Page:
March 5th, 2011 marked the first day of our long academic adventure, with the "Grand Strategy" summer course at Yale being the center of it all. There are three of us - Tom Miller from El Cerrito High School, Matthew Lee from Pinole Valley High School, and myself, Dyana So, also from Pinole Valley High School.The morning of March 5th was circled on all of our calenders, reminding us of a very important event at the Claremont Hotel in Berkeley, CA. Dr. Minh Luong, Associate Director of the Brady-Johnson Center in Grand Strategy and Assistant Director of International Security Studies at Yale University, happened to be back in the Bay Area around this time for business and agreed to set some time aside in his busy schedule to meet with the three of us. This meeting was simply a casual get-together.- - - - - -Walking into the Claremont alone was enough to put me in awe. I couldn't stop looking up at how high the ceilings were and admiring the beautiful paintings on the finely etched walls. The green color of my dress was pale compared to the green I'm sure many of the hotel guests had in their pockets.I wasn't used to casually walking through places like this. Only the hotels I remember strolling through with my family in Las Vegas two years ago could compare with the striking elegance that the Claremont had to offer. With my back straight and only my eyes doing all the erratic observing, I tried my best to blend in with the other guests there. This was probably a failure, considering the involuntary takeover my face had by my ridiculously large grin.Don directed Matt and I to this large dining room at the end of Claremont's lobby where a fabulous display of buffet-styled delicacies completely caught me off guard. I recalled that Don had labeled this event a "light" brunch in his emails but there was no way I'd take "light" as an option with all that food being offered. I am absolutely positive that I could go on and on about how the food tasted, but I'm afraid doing so would require another blog post some other time.I spotted Dr. Luong right away because I recognized his face from an ILC Yale blog from two years ago. He looked just as how I thought he might--slightly aged from the photo I just mentioned but his smile was identical. With him was a woman named Jessie, a very kind social worker and long-time pal of Dr. Luong. I will be seeing both of them again if I am to head off to Yale this summer with Tom and Matt. And speaking of Tom, he would arrive shortly along with Ms. Madeline Kronenberg (WCCUSD School Board President), Mr. Charles Ramsey (WCCUSD Board Member), Ms. Linda Cohen (one of the interviewers specifically for the Yale program within the ILC and the Principal of Coronado Elementary), Ms. Sue Kahn (Principal of Pinole Valley High School), and Ms. Yolanda Bulls (Assistant Principal of Pinole Valley High School).The three of us exchanged handshakes and brief greetings with the adults but they quickly left us to speak with our main guest: Dr. Luong.Dr. Luong is quite the interesting and admirable character. I could tell from the first conversation Matt and I shared with him just before Tom arrived that he was very easy to get along with. The first thing we talked about was the buffet - the "grand strategy" of getting your money's worth there. From knowing what was not in season to learning about Dr. Luong's personal preferences of food, I found the whole "lesson" quite humorous and informative. We hadn't even sat down to our table yet and already I was having fun. The little butterflies I had coming in had completely left the building through one of the many large windows beside the long dining tables.Dr. Luong's approach at this event was different from what I had imagined. I assumed some hard-hitting questions about current events to questions regarding who we were, but instead, we chatted like good friends. We all got to know each other, not from personal descriptions of ourselves but simply through what we said and how we said them. Being articulate and eloquent did linger in the back of my mind but I'm glad I stuck more closely with being myself.For me, the atmosphere was quite comfortable. There was no pressure to be extremely knowledgeable, nor was their an anxiety to ask intelligent questions. Dr. Luong spoke for most of the time, telling us mostly about his personal life and experiences as a professor and academic leader. Listening to him speak was already quite the treat and it was clear to me that his extensive participation in Forensics in the past was key to his engaging and articulate speaking style. I was able to slip in a couple of questions of my own every once in awhile and am pleased to say I was able to get some valuable insight and advice from this admirable professor.There is a lot to look up to about Dr. Luong and that's probably why I now consider him both a role model and inspiration. He didn't start off on the privileged side of the social ladder; his success was achieved through his hard work as he rose from the bottom to the top. He started off as an undergrad alum from UC Berkeley, making him knowledgeable about the Bay Area and contributing to his special recognition of the ILC - the scholarship program of the WCCUSD. His life might not have taken a direct path, but I think it is because of that that makes him so real and inspirational. The future worries me from time to time, as the fears of indecision and not being successful finds its way into my thoughts. But thanks to the advice I've received throughout my years in high school, and now those of Dr. Luong's, I've never been more excited to make my mark on the world very, very soon.This event was possibly the best post-summer college event I've experienced with the ILC. It was a stress-free and delicious get-together - a marriage of two of my favorite things: good food and engaging storytelling. Dr. Luong has convinced me that, should I get to Yale this summer, the Grand Strategy program will be a difficult but extremely worthwhile experience.This special opportunity the ILC Yalies had the honor to partake in was beyond valuable. Getting to know Dr. Luong better and also having him meet us so casually was an opportunity to become more inspired and motivated. It was an opportunity to fall in love with leadership and tackling challenges. It was an importunity to begin a new chapter in my life entitled: "Bigger and Better Things Part 1".I'm thankful that we were lucky enough to have Dr. Luong here in the Bay Area; the time we spent with him was of more value to me than I would've imagined. It truly opened my eyes to a more global perspective. I am now more convinced than ever to pursue fine leadership in my future. That is how I plan to contribute to the world - to lead, to listen, and to be that inspirational role model like the many that have made their presence known throughout my life.I hope I made a good impression at the brunch in Claremont, but frankly, I'm a bit too starstruck to feel self-conscious with my "performance". Thank you ILC, once again, for providing me with the opportunities I would never even dream of partaking in. I am forever grateful to this program for how much it has truly changed my life around for the better.Now, the adventure has begun. The pages that lie ahead may be blank but they are not short of promise. I cannot say at this point in time just how our summer at Yale will be like; the opening chapter is still a bit foggy. However, I have a feeling that there is going to be happy ending.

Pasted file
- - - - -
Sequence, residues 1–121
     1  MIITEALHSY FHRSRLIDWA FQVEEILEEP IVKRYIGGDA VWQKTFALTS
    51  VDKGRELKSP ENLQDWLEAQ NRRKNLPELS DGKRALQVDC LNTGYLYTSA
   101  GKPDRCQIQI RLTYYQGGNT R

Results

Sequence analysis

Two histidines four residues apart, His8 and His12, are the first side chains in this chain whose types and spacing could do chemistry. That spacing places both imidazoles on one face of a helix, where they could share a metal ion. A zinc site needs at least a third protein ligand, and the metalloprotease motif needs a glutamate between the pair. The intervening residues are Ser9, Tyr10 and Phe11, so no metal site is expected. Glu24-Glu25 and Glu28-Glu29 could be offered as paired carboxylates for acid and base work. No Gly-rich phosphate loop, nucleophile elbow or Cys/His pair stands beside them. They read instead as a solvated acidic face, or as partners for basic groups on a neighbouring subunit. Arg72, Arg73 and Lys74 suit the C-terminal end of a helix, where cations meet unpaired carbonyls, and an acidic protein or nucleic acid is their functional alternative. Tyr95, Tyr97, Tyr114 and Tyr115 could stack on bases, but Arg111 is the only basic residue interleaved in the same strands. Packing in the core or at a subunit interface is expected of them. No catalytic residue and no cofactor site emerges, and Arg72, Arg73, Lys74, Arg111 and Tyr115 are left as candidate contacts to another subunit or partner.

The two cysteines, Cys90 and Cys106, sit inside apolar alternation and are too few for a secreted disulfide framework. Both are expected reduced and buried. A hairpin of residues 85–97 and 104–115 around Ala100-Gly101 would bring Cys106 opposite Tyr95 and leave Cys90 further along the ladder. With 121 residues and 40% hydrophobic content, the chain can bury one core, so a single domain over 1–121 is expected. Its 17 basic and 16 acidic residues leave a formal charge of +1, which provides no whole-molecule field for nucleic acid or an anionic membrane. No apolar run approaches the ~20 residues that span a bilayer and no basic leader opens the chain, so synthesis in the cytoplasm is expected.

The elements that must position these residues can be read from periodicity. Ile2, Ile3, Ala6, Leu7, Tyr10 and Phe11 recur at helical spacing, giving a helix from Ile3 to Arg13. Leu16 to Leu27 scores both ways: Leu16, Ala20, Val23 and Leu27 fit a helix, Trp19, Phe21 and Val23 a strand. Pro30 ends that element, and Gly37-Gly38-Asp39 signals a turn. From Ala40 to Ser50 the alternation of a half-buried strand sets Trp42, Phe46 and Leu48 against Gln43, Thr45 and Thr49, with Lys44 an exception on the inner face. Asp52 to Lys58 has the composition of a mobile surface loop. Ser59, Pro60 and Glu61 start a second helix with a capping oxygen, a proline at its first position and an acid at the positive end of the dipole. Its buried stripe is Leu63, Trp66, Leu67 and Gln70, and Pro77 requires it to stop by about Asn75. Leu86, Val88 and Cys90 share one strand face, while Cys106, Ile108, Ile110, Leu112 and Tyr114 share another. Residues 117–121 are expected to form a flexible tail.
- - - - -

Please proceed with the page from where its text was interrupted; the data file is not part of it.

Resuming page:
Monday, March 7, 2011